Disney rendered its new animated film ‘The Bi 6’ on a 55,000-core supercomputer. They made the movie on a beta renderer (says Hank Driskill), the software Disney created from the ground up to handle the film’s impressive lighting. It’s just one of about three dozen tools the studio used to bring the robotics-friendly world of San Fransokyo to life. Some, like the program Tonic originally created for Rapunzel’s hair in Tangled, are merely improved versions of software built for previous efforts, or “shows” as Disney calls them. Hyperion, however, represents the studio’s greatest and riskiest commitment to R&D in animation technology thus far. And its feasibility wasn’t always a sure thing, something Disney’s Chief Technology Officer Andy Hendrickson underscores when he says, “It’s the analog to building a car while you’re driving it.”
It took a team of about 10 people over two years to build Hyperion. This software allowed animators to eschew the incredibly time-consuming manual effort to animate single-bounce, indirect lighting in favor of 10 to 20 bounces simulated by the software. It’s responsible for environmental effects — stuff most audiences might take for granted, like when they see Baymax, the soft, vinyl robot featured in the film, illuminated from behind. That seemingly mundane lighting trick is no small feat; it required the use of a 55,000-core supercomputer spread across four geographic locations.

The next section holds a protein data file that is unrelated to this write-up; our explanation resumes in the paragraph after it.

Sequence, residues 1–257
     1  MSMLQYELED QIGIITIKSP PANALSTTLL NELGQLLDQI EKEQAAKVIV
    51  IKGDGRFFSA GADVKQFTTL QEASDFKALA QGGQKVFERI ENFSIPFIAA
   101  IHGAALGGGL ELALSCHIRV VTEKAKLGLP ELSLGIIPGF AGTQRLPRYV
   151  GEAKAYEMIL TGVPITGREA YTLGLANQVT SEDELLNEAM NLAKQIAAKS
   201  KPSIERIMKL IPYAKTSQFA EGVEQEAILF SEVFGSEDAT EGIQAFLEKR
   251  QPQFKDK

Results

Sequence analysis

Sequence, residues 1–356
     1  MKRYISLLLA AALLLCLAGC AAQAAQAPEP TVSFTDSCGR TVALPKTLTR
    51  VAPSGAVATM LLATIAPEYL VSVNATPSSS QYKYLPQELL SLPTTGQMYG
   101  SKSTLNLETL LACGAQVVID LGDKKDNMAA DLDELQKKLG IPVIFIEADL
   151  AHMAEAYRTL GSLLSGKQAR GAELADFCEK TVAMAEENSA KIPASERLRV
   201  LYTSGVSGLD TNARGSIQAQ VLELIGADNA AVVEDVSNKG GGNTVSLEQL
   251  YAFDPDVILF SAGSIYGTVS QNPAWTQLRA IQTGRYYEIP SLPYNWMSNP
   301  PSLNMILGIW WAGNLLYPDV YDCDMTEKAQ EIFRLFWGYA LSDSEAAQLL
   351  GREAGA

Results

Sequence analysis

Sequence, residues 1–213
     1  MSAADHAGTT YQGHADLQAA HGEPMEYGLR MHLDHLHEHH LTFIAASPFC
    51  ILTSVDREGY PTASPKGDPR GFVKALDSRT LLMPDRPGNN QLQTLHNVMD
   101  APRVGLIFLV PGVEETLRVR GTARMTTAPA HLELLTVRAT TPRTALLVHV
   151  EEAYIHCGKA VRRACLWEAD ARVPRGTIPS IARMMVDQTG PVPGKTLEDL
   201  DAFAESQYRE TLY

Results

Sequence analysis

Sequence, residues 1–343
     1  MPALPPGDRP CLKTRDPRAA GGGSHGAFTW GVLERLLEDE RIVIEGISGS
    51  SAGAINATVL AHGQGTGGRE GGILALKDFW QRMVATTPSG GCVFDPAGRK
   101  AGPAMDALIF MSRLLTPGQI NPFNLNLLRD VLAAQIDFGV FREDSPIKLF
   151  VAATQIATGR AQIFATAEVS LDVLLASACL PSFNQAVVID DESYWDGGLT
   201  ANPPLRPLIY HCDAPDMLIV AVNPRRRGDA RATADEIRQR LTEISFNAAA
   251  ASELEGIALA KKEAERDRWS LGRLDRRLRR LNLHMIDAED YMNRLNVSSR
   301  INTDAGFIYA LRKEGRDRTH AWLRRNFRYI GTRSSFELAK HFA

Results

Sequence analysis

This movie’s so complex that humans couldn’t actually handle the complexity. We have to come up with automated systems,” says Hendrickson. To manage that cluster and the 400,000-plus computations it processes per day (roughly about 1.1 million computational hours), his team created software called Coda, which treats the four render farms like a single supercomputer. If one or more of those thousands of jobs fails, Coda alerts the appropriate staffers via an iPhone app.
Hendrickson says that Hyperion “could render Tangled from scratch every 10 days.